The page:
Data on more than a decade of outpatient use of tetracyclines, sulphonamides and trimethoprim, and other antibacterials in Europe were collected from 33 countries as part of the European Surveillance of Antimicrobial Consumption (ESAC) project, funded by the European Centre for Disease Prevention and Control (ECDC).Methods
For the period 1997–2009, data on outpatient use of systemic tetracyclines, sulphonamides and trimethoprim, and other antibacterials aggregated at the level of the active substance were collected and expressed in defined daily doses (DDD; WHO, version 2011) per 1000 inhabitants per day (DID). Using the Anatomical Therapeutic Chemical (ATC) classification, trends in the use of tetracyclines (J01A), sulphonamides and trimethoprim (J01E) and other antibacterials (J01X) over time, seasonal variation and composition of use were analysed.Results
In 2009, the variations in outpatient use of systemic tetracyclines, sulphonamides and trimethoprim, and other antibacterials between countries, and also in the composition of use over time, were huge. For tetracyclines a significant and for sulphonamides and trimethoprim a non-significant decrease in use was observed between 1997 and 2009 in Europe. The seasonal variation in their use significantly decreased over time. For the other antibacterials, no significant changes in the volume of use or its seasonal variation were seen.Conclusions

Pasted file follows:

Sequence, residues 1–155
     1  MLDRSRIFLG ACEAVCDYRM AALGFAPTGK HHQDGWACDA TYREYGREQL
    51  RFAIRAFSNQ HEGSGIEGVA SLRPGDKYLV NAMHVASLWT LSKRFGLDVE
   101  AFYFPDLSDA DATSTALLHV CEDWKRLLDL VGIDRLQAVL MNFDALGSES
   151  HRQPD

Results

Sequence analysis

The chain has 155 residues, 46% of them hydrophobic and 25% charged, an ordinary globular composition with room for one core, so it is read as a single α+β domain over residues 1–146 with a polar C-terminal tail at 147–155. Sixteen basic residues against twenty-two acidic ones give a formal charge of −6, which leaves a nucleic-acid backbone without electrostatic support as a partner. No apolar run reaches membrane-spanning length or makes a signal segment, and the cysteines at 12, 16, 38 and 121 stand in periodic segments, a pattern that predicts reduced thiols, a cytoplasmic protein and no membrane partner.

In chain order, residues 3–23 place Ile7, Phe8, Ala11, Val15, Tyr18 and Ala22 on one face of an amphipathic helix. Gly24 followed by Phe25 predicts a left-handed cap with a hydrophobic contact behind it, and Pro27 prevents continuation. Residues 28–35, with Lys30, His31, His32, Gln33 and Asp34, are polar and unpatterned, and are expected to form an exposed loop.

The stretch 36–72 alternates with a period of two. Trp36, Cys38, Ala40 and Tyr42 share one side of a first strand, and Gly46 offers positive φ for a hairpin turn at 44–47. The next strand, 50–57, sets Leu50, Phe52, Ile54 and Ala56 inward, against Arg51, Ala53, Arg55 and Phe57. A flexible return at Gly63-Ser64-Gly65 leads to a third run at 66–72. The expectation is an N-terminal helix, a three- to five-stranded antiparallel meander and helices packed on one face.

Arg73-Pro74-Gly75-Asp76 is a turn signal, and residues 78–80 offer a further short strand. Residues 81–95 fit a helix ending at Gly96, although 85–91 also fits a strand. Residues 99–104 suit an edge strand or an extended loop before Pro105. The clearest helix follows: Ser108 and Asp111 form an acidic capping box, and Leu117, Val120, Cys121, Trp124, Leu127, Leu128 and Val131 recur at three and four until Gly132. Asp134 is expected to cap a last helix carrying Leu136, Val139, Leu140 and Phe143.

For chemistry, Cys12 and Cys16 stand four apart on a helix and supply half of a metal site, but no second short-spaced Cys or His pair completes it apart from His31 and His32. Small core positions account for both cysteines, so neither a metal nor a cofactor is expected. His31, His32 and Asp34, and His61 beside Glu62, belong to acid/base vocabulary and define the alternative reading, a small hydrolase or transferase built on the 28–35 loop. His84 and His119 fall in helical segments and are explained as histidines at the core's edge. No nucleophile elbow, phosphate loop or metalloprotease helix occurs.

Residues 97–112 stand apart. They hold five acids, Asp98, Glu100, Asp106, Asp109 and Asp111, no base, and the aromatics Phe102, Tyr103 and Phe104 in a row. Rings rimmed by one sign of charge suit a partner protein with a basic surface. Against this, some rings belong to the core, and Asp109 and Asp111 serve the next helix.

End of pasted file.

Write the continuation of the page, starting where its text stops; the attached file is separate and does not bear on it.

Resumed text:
As for all other major antibiotic subgroups, a striking variation in use and composition of use between countries in Europe was observed for outpatient use of tetracyclines, sulphonamides and trimethoprim, and other antibacterials. In combination with the decreasing use, especially of recommended substances, this represents an opportunity not only to reduce antibiotic use but also to improve its quality.